How to let go of fear in parenting

This headline should end with a question mark. Sorry for the second misleading title in a row.

I don’t have any new, adorable photos of Elsie from this week. I have badly lit photos on my phone of her blotchy eyes and spotty face. That’s because she came down with a sudden, high fever on Sunday evening (Swedish Mother’s Day) and has only just returned to her normal, giggly, pear-eating self. 

A three-day fever followed by what we suspect was nausea and a truly awful night’s sleep complete with screaming and vomiting. The intense fear I felt for Elsie back when she was three weeks old and suffering from her first cold came back with a vengeance. 

When I posted about my experiences with post-natal anxiety and general feeling of impending doom, I received lots of lovely, supportive comments. And many comments which I’m certain were intended to be lovely and supportive, but which came across more along the lines of “stop worrying so much, enjoy your baby”. 

I wish it were that simple. I also wish I knew how much of what I felt – and in fact, am feeling – is par for the course, how much of it is my reasonably highly strung personality, and how much is just exhaustion. The fear is worse after a bad night’s sleep.

Last night, watching my husband pacing back and forth, holding our dear little baby, patiently waiting for her sad screaming to stop, it really hit me. To me, this is the worst part of parenthood. The fear that something is or could be badly wrong. The fear that I might not be able to identify it if it is. The fear from googling and from not googling. 

The knowledge that I am just a person. Having created and birthed a person does not arm me with the knowledge to look after her. What if I’m not enough and what if I overlook something that was really, really important. 

Usually, I squash the feelings down, trying not to let them form into sentences in my head, somehow believing, even microscopically that thinking the words of my worst fears and nightmares could somehow jinx them into reality. 

I will add, for anyone panicking about my state of mind, that I don’t have these thoughts regularly and, when I do, they rarely get out of hand.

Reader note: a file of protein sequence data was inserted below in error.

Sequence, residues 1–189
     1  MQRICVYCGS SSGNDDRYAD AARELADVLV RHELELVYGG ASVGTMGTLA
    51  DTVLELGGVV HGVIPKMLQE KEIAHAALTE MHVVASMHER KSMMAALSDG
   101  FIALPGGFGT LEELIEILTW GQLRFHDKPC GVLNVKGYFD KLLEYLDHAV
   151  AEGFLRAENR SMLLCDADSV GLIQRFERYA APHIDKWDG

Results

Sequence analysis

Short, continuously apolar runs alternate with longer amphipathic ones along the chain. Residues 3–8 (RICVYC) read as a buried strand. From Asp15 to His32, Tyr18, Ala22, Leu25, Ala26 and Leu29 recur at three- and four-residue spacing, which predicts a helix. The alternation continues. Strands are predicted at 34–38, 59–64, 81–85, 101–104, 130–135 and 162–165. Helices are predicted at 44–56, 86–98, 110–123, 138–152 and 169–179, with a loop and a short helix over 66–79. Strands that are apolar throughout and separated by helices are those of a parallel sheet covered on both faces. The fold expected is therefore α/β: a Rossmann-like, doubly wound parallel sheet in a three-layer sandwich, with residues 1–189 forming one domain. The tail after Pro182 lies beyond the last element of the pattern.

Feeding my little baby all day for days while she recovered from her fever, watching as a viral rash spread across her face, covered in vomit over and over again, knowing she is almost definitely just dealing with a regular little baby illness but really second guessing everything my instincts are telling me just has a way of draining my batteries and leaving me vulnerable to the fear.

On a good day, the fear is that she will wake up after we have put her to bed. On an average day, the fear is that she didn’t eat quite as much as the day before. On a bad day, the fear doesn’t bear writing down. 

How lucky we are to have one another on all of these days, Felix and I. How lucky we are to have our parents just a phone call away, even accessible in different time zones. How lucky that these bad days after bad nights of bad sleep are rare, so that these feelings of doom seldom visit.

My own mother, and all the mothers I know look so strong from where I stand. They know which rashes are scary and which ones are nothing to worry about. They know how to fold everything perfectly and how to get stains out of the nice linen. They know how to sew and how to disinfect. They know which creams to use on which cut. 

When will I feel like a mother, really? When she’s a year old? When she’s five? When I stop thinking about the question altogether? 

I can research until the cows come home (in my mind, these cows are also seasoned and competent mothers) but I hope one day it clicks. 

Until then, I pray for sleep and to absorb by osmosis the calm and confidence of all the mothers in my life. I might also keep an eye our for a good therapist.

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Lily Ray
Lily Ray

Journalist, photographer, traveller and knitter. Mother to a small but demanding infant, Lily's life is messy but generally lovely. She has a lot of thoughts. Here is where she puts them.

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